::: stapleton rd – potted history

once a gateway community and the main route from bristol to gloucester

staged the siege of the old city wall by cromwell’s infantry in the 1600s and in the 1700s experienced growth around the coal mines supplying fuel to the growing brass, copper, glass, sugar, pottery and distilling industries

stapleton road had a turnpike gate erected to collect a toll from travellers to pay for repair to the roads

: the miners staged a rebellion and burned down the gates outside what is now the three blackbirds

baptist mills (on the edge of stapleton road) is viewed by many as the birthplace of the industrial revolution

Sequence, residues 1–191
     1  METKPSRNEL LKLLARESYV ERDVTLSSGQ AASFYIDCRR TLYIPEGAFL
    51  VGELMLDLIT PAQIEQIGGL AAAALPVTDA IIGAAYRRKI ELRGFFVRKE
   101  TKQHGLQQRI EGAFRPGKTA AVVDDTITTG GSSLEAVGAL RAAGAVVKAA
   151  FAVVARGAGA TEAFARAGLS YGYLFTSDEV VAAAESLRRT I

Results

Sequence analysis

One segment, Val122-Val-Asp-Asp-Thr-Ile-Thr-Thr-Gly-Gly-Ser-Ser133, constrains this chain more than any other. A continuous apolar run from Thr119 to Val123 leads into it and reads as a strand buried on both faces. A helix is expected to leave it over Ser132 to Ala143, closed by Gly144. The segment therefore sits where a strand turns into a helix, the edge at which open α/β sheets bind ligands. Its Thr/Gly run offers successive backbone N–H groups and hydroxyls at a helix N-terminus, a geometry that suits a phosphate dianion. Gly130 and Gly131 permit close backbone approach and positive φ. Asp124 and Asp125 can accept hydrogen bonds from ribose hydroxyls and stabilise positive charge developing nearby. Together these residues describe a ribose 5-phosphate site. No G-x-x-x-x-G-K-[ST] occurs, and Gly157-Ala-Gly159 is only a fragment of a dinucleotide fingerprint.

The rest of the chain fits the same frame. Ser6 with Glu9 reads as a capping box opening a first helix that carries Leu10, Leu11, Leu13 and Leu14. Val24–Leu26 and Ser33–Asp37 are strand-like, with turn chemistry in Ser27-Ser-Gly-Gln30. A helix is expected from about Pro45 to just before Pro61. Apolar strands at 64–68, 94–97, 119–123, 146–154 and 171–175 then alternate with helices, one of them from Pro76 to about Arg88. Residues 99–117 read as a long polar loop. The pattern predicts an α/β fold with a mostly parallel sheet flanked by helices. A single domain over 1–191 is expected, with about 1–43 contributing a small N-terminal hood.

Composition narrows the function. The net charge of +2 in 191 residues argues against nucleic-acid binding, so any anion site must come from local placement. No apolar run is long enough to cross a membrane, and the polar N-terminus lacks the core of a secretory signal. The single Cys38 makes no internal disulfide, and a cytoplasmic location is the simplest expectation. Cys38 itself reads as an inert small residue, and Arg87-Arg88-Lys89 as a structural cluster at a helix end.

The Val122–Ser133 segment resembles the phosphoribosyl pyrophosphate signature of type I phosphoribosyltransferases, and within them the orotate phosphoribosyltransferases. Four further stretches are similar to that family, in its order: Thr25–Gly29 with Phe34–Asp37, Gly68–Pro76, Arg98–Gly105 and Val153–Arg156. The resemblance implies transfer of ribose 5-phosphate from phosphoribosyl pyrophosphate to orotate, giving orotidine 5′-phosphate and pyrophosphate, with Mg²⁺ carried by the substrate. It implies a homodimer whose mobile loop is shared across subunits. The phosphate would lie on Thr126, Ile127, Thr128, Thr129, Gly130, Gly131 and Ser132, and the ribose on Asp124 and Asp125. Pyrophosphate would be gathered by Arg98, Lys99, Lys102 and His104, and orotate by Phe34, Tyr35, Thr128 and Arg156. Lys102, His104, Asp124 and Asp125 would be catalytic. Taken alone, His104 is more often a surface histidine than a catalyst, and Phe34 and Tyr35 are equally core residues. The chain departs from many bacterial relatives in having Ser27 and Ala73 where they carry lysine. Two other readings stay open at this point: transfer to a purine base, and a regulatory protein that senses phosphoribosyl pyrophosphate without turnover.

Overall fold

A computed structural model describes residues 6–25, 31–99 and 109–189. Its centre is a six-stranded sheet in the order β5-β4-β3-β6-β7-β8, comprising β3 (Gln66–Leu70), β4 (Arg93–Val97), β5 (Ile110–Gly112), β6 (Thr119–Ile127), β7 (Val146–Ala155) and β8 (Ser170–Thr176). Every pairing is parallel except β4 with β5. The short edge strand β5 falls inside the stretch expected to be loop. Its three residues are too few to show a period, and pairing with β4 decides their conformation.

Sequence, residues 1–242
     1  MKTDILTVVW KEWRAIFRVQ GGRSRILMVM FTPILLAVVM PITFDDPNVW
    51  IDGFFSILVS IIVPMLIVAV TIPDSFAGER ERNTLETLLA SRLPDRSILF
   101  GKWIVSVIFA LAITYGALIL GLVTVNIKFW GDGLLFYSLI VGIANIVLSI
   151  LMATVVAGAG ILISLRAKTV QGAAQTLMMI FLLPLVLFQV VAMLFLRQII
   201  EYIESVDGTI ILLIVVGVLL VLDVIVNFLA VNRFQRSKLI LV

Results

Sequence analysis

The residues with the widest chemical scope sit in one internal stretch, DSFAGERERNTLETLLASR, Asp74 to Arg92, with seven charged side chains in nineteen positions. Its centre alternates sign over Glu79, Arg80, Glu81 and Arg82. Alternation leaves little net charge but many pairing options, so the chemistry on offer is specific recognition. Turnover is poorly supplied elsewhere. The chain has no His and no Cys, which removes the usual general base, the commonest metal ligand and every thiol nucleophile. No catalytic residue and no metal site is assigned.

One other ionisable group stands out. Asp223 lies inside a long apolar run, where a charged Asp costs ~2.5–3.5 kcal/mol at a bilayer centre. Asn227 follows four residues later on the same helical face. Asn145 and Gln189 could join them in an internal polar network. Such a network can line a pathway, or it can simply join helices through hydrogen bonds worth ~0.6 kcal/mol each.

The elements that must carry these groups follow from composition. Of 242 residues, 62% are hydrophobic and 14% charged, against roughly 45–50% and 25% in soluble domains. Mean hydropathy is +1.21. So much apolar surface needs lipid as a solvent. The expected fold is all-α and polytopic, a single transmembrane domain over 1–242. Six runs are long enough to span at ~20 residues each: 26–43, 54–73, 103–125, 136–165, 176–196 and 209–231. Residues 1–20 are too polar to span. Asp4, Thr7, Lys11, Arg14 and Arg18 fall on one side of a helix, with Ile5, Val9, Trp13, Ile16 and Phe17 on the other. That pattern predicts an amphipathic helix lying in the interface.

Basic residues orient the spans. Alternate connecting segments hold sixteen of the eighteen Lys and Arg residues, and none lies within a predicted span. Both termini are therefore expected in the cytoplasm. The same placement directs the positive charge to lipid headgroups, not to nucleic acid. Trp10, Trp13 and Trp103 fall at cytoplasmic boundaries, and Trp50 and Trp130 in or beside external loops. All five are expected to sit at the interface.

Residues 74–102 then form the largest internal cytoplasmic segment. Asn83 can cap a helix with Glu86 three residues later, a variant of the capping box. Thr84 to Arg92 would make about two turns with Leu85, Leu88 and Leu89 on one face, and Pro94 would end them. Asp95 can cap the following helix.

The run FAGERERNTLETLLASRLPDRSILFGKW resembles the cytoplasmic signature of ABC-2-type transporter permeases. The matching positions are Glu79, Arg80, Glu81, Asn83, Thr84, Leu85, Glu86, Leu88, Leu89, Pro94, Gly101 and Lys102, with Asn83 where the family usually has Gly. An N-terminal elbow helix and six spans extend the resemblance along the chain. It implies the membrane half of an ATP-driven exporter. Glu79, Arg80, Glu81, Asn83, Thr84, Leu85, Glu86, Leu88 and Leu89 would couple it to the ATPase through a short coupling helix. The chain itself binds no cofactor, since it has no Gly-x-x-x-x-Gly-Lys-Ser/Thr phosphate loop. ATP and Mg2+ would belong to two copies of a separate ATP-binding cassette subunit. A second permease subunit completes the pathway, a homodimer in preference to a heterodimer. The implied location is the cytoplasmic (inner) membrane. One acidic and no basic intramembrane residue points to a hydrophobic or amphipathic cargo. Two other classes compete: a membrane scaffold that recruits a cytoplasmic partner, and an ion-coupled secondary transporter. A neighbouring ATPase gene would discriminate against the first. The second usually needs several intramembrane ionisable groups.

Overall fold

at the beginning of the nineteenth century, 70 % of the local population were migrants who had moved to the area in search of work

the river frome was central to the growth of industry along stapleton road

to the annoyance of the church of england, most spiritual practice was within non-conformist churches

a wesleyan chapel was erected in 1837 only to be demolished in 1971 for the construction of the m32 roundabout

in the late 1880s, stapleton road was a shopping centre reputed to be one of the most varied shopping thoroughfares in the city

today, stapleton road is still a community of migrants and entrepreneurs making it one of the most interesting and diverse shopping streets in bristol

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